Castano, Sheppard Raise Ceiling for Baylor Bears

Big 12 baseball

Photo Courtesy Baylor Athletics

When Steve Rodriguez took over as the head coach of the Baylor Bears, he had a big job in front of him. The Bears had really struggled in Big 12 play over the previous couple of years and they had clearly fallen behind a number of their in-state rivals that they had long beaten both on the field and in recruiting battles.

Given the type of rebuilding job on his hands, expectations for the 2016 season were understandably modest.

It’s important to remember, though, that this is not a program without plenty of talent to go around, and with big years from a few key players, Baylor could be a surprise team in the Big 12.

On Friday night, in a 4-2 win over the 24th-ranked Houston Cougars on the road, two such players, starting pitcher Daniel Castano and outfielder Darryn Sheppard, held up their end of the bargain and made a convincing case that the ceiling for what the Baylor Bears can accomplish this season is far higher than we’ve been giving them credit for.

The lefty Castano was masterful on this night, throwing seven innings, giving up five hits and no runs with two walks and six strikeouts. He threw 100 total pitches on the button, with 65 of those going for strikes. He didn’t spend a ton of time in trouble throughout his start, but when he did, he deftly worked his way out of trouble.

In the first inning, he punched out Justin Montemayor to strand a runner on second base. In the third, two runners reached through no fault of his own (an error on the shortstop Josh Bissonette and a catcher’s interference), and he was able to get out of the jam by inducing a flyout from the hot-hitting freshman Joe Davis.

In the fifth, not only did he work out of a major jam, but he also showed his ability to field his position. He walked Jose Reyes with one out in the frame, and Connor Wong followed up the free pass with a single down the right field line, moving Reyes to third. Michael Pyeatt then attempted to bring home the run with a squeeze bunt, but Castano was quick getting off the mound and was able to make a bare-handed scoop and toss to the catcher Matt Menard to nab Reyes at the plate. With two men still on, he then got Davis to ground into a fielder’s choice to end the threat.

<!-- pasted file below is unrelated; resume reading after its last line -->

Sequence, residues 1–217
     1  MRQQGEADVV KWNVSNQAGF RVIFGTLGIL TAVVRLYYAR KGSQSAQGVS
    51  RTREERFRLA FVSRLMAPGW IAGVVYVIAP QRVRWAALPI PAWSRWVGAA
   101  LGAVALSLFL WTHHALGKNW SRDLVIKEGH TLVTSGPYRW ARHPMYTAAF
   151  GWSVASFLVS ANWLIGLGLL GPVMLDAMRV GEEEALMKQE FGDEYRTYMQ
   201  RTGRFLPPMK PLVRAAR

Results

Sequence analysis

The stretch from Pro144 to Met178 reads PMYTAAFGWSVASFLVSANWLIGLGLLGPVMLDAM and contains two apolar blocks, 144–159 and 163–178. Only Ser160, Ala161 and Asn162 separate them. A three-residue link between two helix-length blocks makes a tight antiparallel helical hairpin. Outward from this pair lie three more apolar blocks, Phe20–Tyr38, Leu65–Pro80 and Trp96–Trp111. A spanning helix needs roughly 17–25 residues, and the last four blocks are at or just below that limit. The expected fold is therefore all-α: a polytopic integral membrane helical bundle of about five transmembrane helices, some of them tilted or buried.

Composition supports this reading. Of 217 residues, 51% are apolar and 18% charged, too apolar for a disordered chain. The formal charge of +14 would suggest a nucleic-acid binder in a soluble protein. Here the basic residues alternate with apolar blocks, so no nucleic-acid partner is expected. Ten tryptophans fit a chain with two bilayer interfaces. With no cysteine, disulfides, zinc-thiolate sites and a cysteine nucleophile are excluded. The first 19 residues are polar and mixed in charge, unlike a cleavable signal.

In the sixth, he worked his way out of one last jam, getting pinch-hitter Zac Taylor to ground into a fielder’s choice of his own with two men on.

Rodriguez was quick to compliment has ace’s performance, and more specifically, his willingness and ability to battle.

“Offensively, this team (Houston) is pretty impressive when you watch them take BP and when you see the approach they have. I thought Daniel just did a phenomenal job keeping the ball down and mixing pitches. I’m very proud of the way he competed out there for us. When we got in trouble a little bit early on, he was able to battle out of it and get us some ground balls and allow our offense to continue to grow like we did,” he said.

Darryn Sheppard also played a role in the win, and to this point of the season, he has been the team’s most dynamic offensive force.

The junior outfielder went 1-for-3 with an RBI, but he scalded the ball each time up. In his first at-bat, he lined a sharp single to left-center. In the fourth inning, he lined a ball to center field, but Houston center fielder Corey Julks robbed him by laying out to make the catch. Two innings later, he scalded a ball back up the middle, but Houston pitcher Andrew Lantrip snared the comebacker and threw him out at first. Finally, in his last at-bat, justice was served to a certain degree, as a couple of Houston errors put a runner on third base and allowed him to get an RBI when he flied out to deep right field in the eighth inning.

After Friday night’s game, Sheppard is hitting .412 with three doubles, two home runs, and 16 RBI, all good for the team lead. It’s still early in the season, of course, but we could be witnessing his long-awaited breakout season.

Coming out of high school in 2013, Sheppard was a 24th-round draft pick of the Texas Rangers, but he elected to head to Waco instead. Despite his immense talent, he struggled at times in his first two seasons on campus, hitting .160 and .229, respectively, in 2014 and 2015.

Even with his talent and production matching up in this early stretch of 2016, Rodriguez says that he’s not yet sure Sheppard even realizes how talented he is.

“I’ll tell you what, his composure is very impressive and I just don’t know if he realizes how talented he is. These past couple of games, he has just scalded some balls and he hasn’t really had a lot to show for it. He has really worked hard, and we have gotten on him pretty good just simply because we want him to understand the talent level that he actually possesses, as I think he is one of the best right-handed hitters in the country. I just don’t think he thinks that yet. We’re trying to give him the confidence, and now that he is having some success, hopefully that will help build it,” he said.

Castano and Sheppard are just two players, and we’ve got a lot of baseball yet to be played, but with more performances like the ones we’ve seen already, you have to like the chances that the Bears will far outperform those modest expectations placed upon them this season.


About the Author

Joseph Healy
Growing up in Houston, Joe Healy was introduced to college baseball at a young age, and it was love at first sight. Like most good love stories, that love has only grown throughout the years. When he's not at the ballpark, he enjoys tacos, college football during the fall, and the spectacle that is American politics. He holds a B.A. in political science from Sam Houston State University and a Master's in Public Administration from Southern Illinois University- Edwardsville.